This proposal aims at training an MD/PhD bioinformatician in the statistical genetics of DNA sequence analysis, and in psychiatric genetics more generally, through a project that takes a novel approach to analyzing next-generation sequencing (NGS) data for detection of rare variants critical to bipolar disorder (BP) susceptibility. BP has a substantial genetic component, but the underlying genetic and neurobiological triggers of the illness remain elusive. While BP genome-wide association studies (GWAS) have focused on common variants and recently identified several SNPs associated with BP, there remains a much-discussed "missing heritability" problem. This strongly suggests that rare variants might play a critical role in BP susceptibility. With the advent of next-generation sequencing, a relatively low-cost, high-throughput approach to scanning the genome for rare variants is now available. While sequencing technology has seen enormous leaps forward and can now provide us with a torrent of data, the methods for making sense of the data are still catching up. While disease-based sequencing can turn up thousands of rare variants in cases, there exists no robust method for determining which of them plays an etiologic role in the illness. The applicant will take advantage of a unique resource, a newly funded project to use NGS of 800 BP cases and 800 controls across the 1,500 synaptome genes (which encode proteins expressed in the brain synapses), to implement novel methods for analysis of rare susceptibility variants for BP. The applicant proposes to take advantage of a powerful recently developed statistical technique for dealing with rare events, exact logistic regression, and incorporate it into an algorithm for assessing associations between rare variants and disease. This project will be accomplished through the following specific aims: 1) Develop new bioinformatics tools for functional characterization and categorization of identified genetic variants, 2) Develop novel analytic methods to test associations of rare variants with disease, and 3) Test for association of rare variants in BP. This proposal will allow for the development of the applicant as an expert in bringing together bioinformatics and statistical genetics. Results from this study will provide new insights to the etiology and pathophysiology of BP, an important psychiatric illness in the population. In addition, it will provide a set of tools that will be widely applicable to the study of rare variants across complex common diseases.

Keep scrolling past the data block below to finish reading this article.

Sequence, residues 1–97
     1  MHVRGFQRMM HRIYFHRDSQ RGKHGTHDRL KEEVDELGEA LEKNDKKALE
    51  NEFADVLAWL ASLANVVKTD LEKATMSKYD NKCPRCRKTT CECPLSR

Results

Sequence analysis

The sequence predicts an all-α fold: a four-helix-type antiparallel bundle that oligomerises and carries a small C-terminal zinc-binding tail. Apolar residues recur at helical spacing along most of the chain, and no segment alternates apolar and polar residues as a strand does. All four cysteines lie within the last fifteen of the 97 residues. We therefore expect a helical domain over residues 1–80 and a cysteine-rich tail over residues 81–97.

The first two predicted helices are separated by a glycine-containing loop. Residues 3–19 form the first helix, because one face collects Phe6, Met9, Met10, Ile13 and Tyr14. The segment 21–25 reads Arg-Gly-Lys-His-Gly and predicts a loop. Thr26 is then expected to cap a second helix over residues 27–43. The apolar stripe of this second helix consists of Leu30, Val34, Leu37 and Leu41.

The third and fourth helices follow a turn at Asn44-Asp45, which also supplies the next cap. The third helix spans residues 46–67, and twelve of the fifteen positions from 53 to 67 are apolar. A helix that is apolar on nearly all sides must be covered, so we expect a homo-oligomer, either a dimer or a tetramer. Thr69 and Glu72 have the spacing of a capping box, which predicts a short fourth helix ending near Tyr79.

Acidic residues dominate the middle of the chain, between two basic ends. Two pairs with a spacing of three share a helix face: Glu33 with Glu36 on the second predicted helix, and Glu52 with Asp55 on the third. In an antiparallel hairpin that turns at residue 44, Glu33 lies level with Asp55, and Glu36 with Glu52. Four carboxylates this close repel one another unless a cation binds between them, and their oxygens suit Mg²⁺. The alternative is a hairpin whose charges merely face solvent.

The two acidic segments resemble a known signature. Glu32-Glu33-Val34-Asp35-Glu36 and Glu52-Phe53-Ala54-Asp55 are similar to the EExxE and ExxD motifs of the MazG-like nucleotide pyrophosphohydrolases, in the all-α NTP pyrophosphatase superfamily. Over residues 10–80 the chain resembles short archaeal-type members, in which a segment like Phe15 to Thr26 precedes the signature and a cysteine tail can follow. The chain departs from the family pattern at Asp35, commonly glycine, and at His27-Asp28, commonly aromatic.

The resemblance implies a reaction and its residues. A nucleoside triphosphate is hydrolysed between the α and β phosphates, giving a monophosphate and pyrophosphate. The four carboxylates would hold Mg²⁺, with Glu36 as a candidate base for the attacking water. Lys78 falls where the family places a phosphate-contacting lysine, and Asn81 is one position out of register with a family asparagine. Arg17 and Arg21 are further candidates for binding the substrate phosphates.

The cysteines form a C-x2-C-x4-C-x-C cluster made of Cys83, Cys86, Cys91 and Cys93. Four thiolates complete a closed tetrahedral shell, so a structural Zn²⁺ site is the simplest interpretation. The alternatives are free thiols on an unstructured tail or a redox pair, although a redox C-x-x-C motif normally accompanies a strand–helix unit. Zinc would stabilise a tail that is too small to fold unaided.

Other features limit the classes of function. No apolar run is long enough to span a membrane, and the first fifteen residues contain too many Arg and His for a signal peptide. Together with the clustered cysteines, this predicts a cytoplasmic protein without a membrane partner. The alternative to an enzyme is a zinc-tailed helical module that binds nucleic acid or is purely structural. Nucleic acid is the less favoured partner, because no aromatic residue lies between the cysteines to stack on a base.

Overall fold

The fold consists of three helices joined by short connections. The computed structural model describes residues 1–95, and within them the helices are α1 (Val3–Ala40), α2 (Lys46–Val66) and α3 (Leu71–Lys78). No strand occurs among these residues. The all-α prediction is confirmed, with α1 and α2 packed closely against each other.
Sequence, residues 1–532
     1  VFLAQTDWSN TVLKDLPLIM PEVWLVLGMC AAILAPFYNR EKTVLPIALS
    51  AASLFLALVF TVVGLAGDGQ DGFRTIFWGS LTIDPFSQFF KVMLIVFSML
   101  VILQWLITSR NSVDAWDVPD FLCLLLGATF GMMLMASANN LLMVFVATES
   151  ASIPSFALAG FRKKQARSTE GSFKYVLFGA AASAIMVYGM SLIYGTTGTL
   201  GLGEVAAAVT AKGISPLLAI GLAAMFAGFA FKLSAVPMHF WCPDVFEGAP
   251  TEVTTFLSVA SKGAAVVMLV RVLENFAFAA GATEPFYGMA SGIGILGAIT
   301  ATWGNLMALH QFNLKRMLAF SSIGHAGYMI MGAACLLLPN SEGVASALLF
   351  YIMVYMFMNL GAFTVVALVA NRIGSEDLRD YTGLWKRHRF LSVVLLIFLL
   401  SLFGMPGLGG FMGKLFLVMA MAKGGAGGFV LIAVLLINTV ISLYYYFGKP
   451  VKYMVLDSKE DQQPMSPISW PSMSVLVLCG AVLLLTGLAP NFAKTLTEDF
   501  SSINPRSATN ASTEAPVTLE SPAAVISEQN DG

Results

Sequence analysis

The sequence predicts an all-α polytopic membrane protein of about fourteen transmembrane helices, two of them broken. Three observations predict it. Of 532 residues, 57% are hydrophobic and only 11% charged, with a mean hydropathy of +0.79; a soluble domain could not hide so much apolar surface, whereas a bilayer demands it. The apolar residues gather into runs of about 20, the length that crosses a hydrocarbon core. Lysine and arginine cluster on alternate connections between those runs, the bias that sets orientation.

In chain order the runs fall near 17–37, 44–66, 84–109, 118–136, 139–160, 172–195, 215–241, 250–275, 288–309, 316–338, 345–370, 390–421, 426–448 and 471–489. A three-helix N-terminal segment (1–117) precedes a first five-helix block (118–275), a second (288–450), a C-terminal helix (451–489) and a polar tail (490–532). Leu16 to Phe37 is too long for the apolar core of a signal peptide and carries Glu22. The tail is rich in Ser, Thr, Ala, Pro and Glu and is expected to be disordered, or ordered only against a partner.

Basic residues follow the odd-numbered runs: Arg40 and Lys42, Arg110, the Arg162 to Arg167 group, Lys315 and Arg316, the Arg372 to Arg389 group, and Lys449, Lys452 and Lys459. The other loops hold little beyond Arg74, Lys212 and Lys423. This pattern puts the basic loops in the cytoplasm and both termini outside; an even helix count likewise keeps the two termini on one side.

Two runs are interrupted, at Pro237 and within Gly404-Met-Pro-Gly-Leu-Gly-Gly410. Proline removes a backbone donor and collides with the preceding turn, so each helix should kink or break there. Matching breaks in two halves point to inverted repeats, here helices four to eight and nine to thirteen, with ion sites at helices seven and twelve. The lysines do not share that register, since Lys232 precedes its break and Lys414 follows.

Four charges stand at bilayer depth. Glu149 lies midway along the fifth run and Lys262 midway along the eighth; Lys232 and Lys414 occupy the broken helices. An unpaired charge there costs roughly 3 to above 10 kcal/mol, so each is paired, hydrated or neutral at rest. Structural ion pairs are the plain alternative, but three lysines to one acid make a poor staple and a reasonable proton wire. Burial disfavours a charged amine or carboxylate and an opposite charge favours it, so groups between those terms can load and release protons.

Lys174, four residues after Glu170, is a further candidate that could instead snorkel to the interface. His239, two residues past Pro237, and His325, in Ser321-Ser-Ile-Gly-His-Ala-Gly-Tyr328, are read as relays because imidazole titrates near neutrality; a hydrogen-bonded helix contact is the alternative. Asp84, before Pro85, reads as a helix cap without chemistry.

The goal of this K01 training award is for the Primary Investigator to pursue advanced training in statistical genetics and genetic epidemiology and employ these skills to develop novel analytic methods for analyzing rare variants in a high-throughput DNA sequencing project in bipolar disorder (BP). Results from this study will provide a set of tools that will be widely applicable to the study of rare variants across complex common diseases, and in addition, provide new insights to the etiology and pathophysiology of BP. It will also allow for the development of the applicant as an expert in bringing together bioinformatics and statistical genetics.
|Pirooznia, Mehdi; Kramer, Melissa; Parla, Jennifer et al. (2014) Validation and assessment of variant calling pipelines for next-generation sequencing. Hum Genomics 8:14|
|Chen, Yun-Ching; Carter, Hannah; Parla, Jennifer et al. (2013) A hybrid likelihood model for sequence-based disease association studies. PLoS Genet 9:e1003224|
|Pirooznia, Mehdi; Wang, Tao; Avramopoulos, Dimitrios et al. (2012) SynaptomeDB: an ontology-based knowledgebase for synaptic genes. Bioinformatics 28:897-9|